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Digestive Health 2020

IBS is a very individual condition

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Alison Reid 

Chief Executive, The IBS Network

More than 12 million people in the UK suffer from irritable bowel syndrome (IBS), a functional disorder of the bowel. Alison Reid, Chief Executive of The IBS Network, explains more.

What causes IBS? 

There is no specific cause for IBS. But the most common risk factors are an attack of gastroenteritis, a traumatic or upsetting event, and courses of powerful antibiotics. 

What are the symptoms? 

Symptoms can include abdominal pain, bloating, increased flatulence, diarrhoea, constipation, mixed diarrhoea/constipation and passing mucus. Other symptoms include lethargy, nausea, backache and bladder symptoms. IBS is a very individual condition and symptoms will vary for each person. 

What can trigger symptoms? 

Triggers will be a combination of the food that we eat and the amount of stress in our lives. Eating foods high in fat, consuming alcohol, large portion sizes, eating too much fruit with stones and certain vegetables, fizzy drinks, and high fibre foods. 

Not getting enough sleep, eating on the go, rushing meals and having an erratic eating pattern will also very likely negatively impact someone living with IBS and cause a flare up of their condition.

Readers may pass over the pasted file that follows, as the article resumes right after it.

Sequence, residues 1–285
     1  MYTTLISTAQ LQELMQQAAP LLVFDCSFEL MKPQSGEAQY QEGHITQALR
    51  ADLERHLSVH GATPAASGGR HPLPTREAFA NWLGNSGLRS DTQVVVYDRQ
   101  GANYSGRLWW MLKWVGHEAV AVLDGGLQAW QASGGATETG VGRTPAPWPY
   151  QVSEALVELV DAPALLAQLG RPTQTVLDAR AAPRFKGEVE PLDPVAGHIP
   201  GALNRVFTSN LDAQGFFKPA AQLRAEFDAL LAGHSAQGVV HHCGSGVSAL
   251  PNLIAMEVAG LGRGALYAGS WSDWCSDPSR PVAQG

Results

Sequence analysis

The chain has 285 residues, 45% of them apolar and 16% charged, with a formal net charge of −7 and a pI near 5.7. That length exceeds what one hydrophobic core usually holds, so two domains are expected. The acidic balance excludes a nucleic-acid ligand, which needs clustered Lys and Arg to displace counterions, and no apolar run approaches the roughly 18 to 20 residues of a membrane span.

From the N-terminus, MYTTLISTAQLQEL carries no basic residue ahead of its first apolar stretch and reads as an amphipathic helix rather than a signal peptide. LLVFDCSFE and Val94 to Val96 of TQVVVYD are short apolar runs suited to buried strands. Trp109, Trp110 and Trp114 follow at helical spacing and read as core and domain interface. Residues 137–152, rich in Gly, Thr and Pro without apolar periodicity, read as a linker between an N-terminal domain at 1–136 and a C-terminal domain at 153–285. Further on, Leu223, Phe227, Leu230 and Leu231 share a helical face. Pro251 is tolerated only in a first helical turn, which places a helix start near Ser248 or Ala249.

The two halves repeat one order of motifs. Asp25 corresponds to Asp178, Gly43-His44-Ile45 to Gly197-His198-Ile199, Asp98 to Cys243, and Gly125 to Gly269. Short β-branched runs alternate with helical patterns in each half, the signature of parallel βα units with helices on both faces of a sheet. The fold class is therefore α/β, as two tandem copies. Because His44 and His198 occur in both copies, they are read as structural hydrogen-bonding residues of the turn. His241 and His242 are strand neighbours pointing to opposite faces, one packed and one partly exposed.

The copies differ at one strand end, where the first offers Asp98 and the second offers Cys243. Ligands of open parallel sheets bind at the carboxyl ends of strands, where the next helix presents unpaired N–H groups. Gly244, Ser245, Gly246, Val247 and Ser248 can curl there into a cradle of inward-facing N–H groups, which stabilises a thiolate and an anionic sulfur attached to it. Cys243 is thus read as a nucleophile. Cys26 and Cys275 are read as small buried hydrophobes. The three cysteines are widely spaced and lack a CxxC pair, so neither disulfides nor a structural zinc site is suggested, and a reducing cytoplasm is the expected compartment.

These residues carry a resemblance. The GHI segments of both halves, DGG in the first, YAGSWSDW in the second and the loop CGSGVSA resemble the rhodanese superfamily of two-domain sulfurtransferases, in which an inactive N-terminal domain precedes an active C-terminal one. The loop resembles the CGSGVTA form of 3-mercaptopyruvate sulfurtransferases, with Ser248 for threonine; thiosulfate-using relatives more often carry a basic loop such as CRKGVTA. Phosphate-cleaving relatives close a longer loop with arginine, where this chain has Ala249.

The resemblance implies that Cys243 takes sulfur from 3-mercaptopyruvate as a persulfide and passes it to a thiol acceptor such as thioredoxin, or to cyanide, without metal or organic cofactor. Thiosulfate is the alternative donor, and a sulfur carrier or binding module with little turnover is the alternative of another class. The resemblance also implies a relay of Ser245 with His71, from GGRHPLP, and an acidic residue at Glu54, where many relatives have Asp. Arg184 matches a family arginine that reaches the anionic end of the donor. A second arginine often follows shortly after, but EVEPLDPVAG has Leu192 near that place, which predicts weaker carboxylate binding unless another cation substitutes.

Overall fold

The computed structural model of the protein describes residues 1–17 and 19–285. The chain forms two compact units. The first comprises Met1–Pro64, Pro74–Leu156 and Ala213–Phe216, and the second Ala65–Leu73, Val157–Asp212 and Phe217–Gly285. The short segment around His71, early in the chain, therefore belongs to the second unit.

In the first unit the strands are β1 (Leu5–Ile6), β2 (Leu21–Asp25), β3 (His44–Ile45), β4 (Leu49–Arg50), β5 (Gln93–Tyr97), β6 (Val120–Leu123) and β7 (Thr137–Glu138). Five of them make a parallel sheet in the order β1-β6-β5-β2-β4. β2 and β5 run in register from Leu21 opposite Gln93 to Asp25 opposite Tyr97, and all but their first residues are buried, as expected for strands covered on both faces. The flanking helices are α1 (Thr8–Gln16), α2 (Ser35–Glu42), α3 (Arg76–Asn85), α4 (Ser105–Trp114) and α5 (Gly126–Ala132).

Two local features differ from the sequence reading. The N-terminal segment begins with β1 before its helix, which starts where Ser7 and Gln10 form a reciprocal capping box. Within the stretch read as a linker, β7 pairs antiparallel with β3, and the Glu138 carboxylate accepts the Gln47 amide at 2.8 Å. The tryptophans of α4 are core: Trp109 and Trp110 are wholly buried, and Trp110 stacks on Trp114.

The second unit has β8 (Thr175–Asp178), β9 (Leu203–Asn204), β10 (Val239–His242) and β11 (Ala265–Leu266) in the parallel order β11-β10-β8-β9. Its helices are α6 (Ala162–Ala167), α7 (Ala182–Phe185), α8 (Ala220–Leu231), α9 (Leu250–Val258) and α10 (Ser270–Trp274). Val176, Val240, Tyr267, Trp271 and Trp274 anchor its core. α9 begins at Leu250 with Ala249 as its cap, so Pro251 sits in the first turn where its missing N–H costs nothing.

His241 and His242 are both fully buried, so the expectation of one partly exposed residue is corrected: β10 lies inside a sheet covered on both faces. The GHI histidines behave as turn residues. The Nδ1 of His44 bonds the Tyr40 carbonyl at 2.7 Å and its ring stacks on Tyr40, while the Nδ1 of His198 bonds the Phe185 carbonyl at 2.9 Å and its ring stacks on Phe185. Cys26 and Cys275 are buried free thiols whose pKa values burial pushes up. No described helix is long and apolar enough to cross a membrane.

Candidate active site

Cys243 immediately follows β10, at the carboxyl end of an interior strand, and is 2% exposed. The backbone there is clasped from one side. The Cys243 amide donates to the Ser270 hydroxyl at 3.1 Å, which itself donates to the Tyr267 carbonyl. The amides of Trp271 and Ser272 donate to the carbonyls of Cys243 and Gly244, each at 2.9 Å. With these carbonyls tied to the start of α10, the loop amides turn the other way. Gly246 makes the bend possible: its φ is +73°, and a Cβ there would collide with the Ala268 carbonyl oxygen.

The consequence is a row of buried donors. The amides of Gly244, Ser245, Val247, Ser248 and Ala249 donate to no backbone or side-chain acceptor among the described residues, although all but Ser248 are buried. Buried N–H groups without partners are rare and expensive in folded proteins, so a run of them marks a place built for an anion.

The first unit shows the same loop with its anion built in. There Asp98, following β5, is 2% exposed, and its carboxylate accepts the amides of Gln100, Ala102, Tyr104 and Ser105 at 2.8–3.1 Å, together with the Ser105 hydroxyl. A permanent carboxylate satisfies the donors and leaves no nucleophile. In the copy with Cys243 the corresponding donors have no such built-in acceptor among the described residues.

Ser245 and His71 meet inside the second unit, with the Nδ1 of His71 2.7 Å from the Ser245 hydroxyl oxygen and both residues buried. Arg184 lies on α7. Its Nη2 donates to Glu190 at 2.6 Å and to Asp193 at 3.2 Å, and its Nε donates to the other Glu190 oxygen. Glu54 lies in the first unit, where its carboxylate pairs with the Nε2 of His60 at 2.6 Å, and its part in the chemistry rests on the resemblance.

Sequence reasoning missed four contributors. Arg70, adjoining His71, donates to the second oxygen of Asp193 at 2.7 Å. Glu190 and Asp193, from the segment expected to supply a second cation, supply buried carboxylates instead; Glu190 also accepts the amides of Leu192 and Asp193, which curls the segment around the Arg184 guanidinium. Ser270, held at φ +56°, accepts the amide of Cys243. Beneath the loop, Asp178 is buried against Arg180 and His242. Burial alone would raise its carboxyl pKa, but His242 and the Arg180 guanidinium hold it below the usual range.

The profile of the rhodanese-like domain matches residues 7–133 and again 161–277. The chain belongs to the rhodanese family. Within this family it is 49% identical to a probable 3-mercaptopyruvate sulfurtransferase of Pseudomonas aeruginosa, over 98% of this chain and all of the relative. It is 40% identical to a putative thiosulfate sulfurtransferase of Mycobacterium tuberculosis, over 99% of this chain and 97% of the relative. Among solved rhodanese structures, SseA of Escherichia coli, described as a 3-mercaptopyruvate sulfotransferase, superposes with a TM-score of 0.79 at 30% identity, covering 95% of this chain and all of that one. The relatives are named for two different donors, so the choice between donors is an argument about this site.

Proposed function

There is no cure for IBS and no one treatment that works for everyone. The key to living well with IBS is self-management.

Get a diagnosis from your doctor 

If you are experiencing IBS symptoms, it’s important that you speak to your GP. 

Do not self-diagnose and start to treat what you think might be IBS before receiving a diagnosis from a medical professional, as you may be at risk of other conditions with similar symptoms going undiagnosed. 

If you are diagnosed with IBS, ask your doctor to refer you to a registered dietitian. Whilst waiting for your appointment, try to identify your triggers. The IBS Network has a 12-week wellness diary and online symptom tracker to help you identify and manage your symptoms. 

How to treat IBS 

There is no cure for IBS and no one treatment that works for everyone. The key to living well with IBS is self-management. Once you have a better understanding of what is happening in your body you will be able to explore what treatments work best for you. By taking control of your condition, you will already have started to feel better psychologically. 

Treatments include dietary and lifestyle changes; psychological therapies (talking therapies) and medications (see your GP or pharmacist for advice). These may be used together or on their own depending on the possible cause and severity of your IBS.

For information, advice and support with your IBS, contact The IBS Network, the national charity for people living with the condition

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